I always used to be very interested in what separates what is called the “self” from the “other”. As a child, I used to imagine what it would be like if I had someone else’s mind, like my sister’s or cab driver’s, or what it would feel like to be something I wasn’t, like male or sighted. I used to be surprised that you can say of yourself that you’re a “me”, and that you cannot call someone else “me”, for that’s “you”. I still find this fascinating, and it’s an interesting philosophical thing.
Lately, I’ve become aware of a phenomenon called “natural multiplicity”. People/systems like Astraea and Amorpha discuss this thing. It’s nothing like my “system” – mine isn’t natural and it is by far not as formed as theirs are -, but it’s a very interesting phenomenon. Cause why should people be allowed only one person per body? If we say so, we say that appearance (ie. whether there is a different body) is the borderline between one person and another, while the experience of different people is essentially mental. You can’t say so without having a differentiation between the self and the other, for if you did not make this distinction, what value does the idea of different people have?
Is it an idea? I’d say not. I cannot feel that my sister is “me”, and yet I can feel that I am “me”, and, if you get into plurality anyway, I can feel that the “ladies” are “me”, to an extent (in that their qualities and perspectives should be mine). Some people contend that “the self” is only a linguistic principle, for most verbs require a defined subject, but would you ask who is raining if it rains? I wouldn’t. So I don’t think it’s merely linguistic, even though one can become very detached from oneself when one dissociates.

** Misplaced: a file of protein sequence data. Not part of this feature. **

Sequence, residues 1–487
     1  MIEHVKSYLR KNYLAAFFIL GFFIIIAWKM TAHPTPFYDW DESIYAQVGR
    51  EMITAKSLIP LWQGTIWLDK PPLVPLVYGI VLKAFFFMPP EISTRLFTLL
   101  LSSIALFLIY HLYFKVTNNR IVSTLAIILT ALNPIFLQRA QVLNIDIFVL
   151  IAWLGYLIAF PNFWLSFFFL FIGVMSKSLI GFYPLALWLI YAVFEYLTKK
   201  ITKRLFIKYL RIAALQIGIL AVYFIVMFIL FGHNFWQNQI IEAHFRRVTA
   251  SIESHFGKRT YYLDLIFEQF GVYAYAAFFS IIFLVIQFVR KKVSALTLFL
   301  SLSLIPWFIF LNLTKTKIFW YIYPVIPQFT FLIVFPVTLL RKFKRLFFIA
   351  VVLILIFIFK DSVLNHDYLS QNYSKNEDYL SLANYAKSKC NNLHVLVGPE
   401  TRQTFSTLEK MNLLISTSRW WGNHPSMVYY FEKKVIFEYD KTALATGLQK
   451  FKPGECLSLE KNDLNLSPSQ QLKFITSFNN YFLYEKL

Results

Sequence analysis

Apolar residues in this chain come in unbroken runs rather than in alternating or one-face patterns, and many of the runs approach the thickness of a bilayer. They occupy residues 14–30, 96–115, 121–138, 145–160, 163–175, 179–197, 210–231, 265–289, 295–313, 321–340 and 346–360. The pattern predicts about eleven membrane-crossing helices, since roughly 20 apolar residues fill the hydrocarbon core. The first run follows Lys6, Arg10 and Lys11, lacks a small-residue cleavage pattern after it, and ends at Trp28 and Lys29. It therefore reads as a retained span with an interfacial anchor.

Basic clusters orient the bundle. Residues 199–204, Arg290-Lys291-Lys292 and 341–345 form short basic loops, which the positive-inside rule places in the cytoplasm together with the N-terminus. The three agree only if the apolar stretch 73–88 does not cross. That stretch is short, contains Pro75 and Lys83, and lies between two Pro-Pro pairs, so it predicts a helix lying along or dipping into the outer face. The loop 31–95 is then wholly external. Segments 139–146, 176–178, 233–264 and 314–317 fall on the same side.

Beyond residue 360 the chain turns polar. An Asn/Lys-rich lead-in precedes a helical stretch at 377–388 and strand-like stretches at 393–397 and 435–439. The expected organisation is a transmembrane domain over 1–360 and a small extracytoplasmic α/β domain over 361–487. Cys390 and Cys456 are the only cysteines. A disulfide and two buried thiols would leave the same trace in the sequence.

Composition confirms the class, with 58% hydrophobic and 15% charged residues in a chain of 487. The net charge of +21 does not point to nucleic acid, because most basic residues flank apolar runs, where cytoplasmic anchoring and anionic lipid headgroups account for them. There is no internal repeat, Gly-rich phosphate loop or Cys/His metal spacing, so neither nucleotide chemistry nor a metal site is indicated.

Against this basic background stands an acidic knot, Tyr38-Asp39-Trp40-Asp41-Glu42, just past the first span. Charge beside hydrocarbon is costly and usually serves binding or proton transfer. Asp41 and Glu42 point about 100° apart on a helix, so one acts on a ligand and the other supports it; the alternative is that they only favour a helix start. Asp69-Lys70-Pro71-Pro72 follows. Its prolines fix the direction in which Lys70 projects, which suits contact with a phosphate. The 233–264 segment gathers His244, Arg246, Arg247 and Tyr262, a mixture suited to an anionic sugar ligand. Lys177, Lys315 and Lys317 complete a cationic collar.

That still only validates the claim that what we call “self” is a mental experience, not something empirical. And even if it were empirical, that would not mean that it’d be by the existence of a body that personhood is defined. I don’t know how natural multiplicity would be accounted for in the physiological or neurological sense, but we don’t know if homosexuals have any neurological or physiological difference, either.